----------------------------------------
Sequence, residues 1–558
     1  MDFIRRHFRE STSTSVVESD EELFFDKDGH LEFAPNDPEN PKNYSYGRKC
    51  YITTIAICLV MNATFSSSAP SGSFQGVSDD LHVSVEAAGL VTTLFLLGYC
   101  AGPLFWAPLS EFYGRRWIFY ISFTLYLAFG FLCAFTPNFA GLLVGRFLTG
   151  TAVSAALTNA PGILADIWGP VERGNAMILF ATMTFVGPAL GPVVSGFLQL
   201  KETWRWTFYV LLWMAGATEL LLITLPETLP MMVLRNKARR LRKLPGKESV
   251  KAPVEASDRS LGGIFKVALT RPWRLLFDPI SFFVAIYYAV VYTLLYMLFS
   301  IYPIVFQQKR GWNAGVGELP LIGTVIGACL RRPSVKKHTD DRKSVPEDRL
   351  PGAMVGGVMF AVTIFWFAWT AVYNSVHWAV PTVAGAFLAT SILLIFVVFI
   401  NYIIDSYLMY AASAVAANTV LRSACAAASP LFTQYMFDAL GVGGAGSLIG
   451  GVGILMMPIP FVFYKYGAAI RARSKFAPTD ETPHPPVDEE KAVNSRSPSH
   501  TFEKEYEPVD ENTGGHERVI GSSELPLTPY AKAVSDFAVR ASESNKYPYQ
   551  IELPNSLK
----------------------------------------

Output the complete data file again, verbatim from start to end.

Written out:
Sequence, residues 1–558
     1  MDFIRRHFRE STSTSVVESD EELFFDKDGH LEFAPNDPEN PKNYSYGRKC
    51  YITTIAICLV MNATFSSSAP SGSFQGVSDD LHVSVEAAGL VTTLFLLGYC
   101  AGPLFWAPLS EFYGRRWIFY ISFTLYLAFG FLCAFTPNFA GLLVGRFLTG
   151  TAVSAALTNA PGILADIWGP VERGNAMILF ATMTFVGPAL GPVVSGFLQL
   201  KETWRWTFYV LLWMAGATEL LLITLPETLP MMVLRNKARR LRKLPGKESV
   251  KAPVEASDRS LGGIFKVALT RPWRLLFDPI SFFVAIYYAV VYTLLYMLFS
   301  IYPIVFQQKR GWNAGVGELP LIGTVIGACL RRPSVKKHTD DRKSVPEDRL
   351  PGAMVGGVMF AVTIFWFAWT AVYNSVHWAV PTVAGAFLAT SILLIFVVFI
   401  NYIIDSYLMY AASAVAANTV LRSACAAASP LFTQYMFDAL GVGGAGSLIG
   451  GVGILMMPIP FVFYKYGAAI RARSKFAPTD ETPHPPVDEE KAVNSRSPSH
   501  TFEKEYEPVD ENTGGHERVI GSSELPLTPY AKAVSDFAVR ASESNKYPYQ
   551  IELPNSLK